Unintended Consequences Of Sentencing Reforms
May 6, 1999
The interaction of mandatory minimum sentencing and sentencing guidelines is "a good example of the law of unintended consequences," says Supreme Court Chief Justice William Rehnquist. "Prison terms in America have become appallingly long, especially for conduct that, arguably, should not be criminal at all," says federal appeals court Judge Richard A. Posner, a Reagan appointee.
The federal government and many states have adopted mandatory minimum sentencing, which means a fixed minimum jail time regardless of extenuating circumstances. And sentencing guidelines implemented at the federal level in 1987 require judges to impose sentences according to a point-scale system with little discretion. In addition, Congress and some states have abolished parole for many crimes -- meaning prisoners will serve more time behind bars.
- Thus, whereas two decades ago federal prisons held almost twice as many violent offenders as drug offenders, today drug offenders outnumber violent convicts by three to one.
- Although some violent offenders are charged for drug offenses because those are easier to prove, a recent study of New York state drug inmates found 78 percent had no prior convictions for violent felonies and almost half had no violent adult arrests.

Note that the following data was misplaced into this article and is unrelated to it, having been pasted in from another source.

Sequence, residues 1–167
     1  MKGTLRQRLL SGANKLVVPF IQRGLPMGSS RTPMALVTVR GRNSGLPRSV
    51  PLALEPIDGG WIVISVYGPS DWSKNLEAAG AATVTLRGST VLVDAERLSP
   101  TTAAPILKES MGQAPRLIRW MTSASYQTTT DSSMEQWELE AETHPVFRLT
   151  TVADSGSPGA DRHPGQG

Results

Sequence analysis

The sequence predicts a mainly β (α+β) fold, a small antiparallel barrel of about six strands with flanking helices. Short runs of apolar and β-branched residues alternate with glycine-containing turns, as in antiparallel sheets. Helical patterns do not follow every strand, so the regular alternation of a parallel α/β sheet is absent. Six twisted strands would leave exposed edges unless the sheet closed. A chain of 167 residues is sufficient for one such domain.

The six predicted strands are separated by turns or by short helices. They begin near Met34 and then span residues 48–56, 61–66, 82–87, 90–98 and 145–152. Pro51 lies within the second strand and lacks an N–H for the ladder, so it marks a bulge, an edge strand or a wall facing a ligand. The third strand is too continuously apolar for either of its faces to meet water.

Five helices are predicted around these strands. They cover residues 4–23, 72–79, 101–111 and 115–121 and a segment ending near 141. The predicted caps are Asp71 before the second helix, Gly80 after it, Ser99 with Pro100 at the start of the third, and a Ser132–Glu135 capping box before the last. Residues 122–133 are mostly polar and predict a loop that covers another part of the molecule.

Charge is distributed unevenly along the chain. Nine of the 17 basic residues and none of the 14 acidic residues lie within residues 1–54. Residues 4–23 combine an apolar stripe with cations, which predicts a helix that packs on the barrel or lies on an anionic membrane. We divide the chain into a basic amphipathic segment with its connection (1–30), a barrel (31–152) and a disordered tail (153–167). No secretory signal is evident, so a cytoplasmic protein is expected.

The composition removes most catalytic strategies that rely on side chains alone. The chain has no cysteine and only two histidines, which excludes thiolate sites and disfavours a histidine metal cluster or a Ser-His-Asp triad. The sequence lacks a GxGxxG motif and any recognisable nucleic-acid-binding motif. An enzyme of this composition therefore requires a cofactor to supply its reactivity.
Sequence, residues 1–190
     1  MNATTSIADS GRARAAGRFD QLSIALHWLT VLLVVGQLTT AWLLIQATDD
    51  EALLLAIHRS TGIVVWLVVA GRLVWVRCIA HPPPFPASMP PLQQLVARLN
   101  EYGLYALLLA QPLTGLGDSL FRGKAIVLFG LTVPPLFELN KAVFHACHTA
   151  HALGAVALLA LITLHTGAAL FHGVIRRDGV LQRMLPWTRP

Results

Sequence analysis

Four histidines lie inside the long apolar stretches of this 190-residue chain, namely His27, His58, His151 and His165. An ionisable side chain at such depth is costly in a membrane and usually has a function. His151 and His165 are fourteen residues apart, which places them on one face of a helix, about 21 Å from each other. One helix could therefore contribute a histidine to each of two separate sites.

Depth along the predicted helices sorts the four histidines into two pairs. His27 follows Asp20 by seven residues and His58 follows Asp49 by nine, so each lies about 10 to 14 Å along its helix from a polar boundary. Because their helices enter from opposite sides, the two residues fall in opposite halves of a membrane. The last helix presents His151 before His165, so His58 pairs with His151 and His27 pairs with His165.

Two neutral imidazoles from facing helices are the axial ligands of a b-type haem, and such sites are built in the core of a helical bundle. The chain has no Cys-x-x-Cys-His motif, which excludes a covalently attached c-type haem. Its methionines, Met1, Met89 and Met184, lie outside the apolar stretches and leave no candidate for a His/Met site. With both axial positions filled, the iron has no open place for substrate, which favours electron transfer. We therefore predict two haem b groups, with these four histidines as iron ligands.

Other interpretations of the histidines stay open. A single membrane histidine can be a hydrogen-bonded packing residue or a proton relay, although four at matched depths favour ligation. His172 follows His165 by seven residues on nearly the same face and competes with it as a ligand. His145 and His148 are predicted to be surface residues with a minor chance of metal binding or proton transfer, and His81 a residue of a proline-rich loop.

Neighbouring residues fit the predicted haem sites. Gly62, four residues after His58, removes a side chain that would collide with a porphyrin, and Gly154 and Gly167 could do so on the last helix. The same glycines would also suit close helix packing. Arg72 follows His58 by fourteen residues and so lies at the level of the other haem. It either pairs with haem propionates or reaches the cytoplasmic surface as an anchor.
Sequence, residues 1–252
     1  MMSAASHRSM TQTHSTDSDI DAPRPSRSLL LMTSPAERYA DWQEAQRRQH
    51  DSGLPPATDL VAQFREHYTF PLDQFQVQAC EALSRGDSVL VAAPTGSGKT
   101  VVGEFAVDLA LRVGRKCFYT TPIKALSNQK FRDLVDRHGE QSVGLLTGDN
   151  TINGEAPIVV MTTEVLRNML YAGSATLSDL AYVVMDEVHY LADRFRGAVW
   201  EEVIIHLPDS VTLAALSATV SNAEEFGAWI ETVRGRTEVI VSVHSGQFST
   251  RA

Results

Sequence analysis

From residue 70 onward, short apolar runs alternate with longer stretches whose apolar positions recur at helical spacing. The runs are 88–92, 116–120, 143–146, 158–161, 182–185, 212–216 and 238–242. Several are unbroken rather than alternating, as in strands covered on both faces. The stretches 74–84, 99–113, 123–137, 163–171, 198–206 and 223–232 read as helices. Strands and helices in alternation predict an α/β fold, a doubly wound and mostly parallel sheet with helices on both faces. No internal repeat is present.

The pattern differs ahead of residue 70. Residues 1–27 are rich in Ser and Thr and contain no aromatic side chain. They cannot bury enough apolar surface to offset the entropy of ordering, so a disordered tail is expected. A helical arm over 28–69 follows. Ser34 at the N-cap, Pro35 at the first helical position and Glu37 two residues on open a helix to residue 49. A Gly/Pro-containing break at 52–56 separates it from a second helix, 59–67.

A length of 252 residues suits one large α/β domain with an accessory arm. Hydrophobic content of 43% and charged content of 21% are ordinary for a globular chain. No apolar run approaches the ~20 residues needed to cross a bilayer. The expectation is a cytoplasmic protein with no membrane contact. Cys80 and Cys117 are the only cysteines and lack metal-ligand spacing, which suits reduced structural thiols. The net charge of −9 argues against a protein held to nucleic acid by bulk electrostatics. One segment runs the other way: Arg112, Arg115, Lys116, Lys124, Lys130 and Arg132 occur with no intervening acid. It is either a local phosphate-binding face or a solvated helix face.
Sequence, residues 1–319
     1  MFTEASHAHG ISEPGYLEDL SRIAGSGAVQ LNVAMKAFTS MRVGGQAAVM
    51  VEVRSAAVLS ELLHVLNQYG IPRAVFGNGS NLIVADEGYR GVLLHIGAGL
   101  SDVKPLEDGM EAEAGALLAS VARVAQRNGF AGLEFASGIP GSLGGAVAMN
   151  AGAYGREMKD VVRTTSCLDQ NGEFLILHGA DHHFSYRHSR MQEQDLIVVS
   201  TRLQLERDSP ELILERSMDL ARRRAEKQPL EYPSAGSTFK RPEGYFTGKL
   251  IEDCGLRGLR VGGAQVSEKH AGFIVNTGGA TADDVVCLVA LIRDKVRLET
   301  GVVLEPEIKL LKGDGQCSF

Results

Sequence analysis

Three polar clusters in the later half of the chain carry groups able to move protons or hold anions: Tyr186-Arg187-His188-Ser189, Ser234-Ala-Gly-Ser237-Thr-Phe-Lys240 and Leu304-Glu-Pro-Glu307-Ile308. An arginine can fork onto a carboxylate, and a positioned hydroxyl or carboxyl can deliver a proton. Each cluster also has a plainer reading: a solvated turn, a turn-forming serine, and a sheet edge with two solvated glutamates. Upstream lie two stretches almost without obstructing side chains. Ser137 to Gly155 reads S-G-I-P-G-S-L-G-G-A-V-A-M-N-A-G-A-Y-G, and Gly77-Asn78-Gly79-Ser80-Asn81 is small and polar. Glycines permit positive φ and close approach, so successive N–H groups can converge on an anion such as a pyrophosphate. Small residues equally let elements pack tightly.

- A 1994 Justice Department study found 36 percent of federal drug inmates are "low-level offenders" with "minimal criminal histories" but serve an average of almost six years in prison.
Furthermore, since 85 percent of defendants are indigents, whereas just 15 percent have a private lawyer, how prosecutors charge them is very important. Federal prosecutors obtain convictions in 89 percent of felony arrests, and 93 percent of federal convictions are on guilty pleas.
A 1994 survey by the Federal Judicial Center found 86 percent of federal trial judges want Congress to restore their discretion to reduce sentences; 70 percent think most mandatory sentences should be repealed.
Source: Gregg Easterbrook, "Run-on Sentencing," New Republic, April 26 & May 3, 1999.
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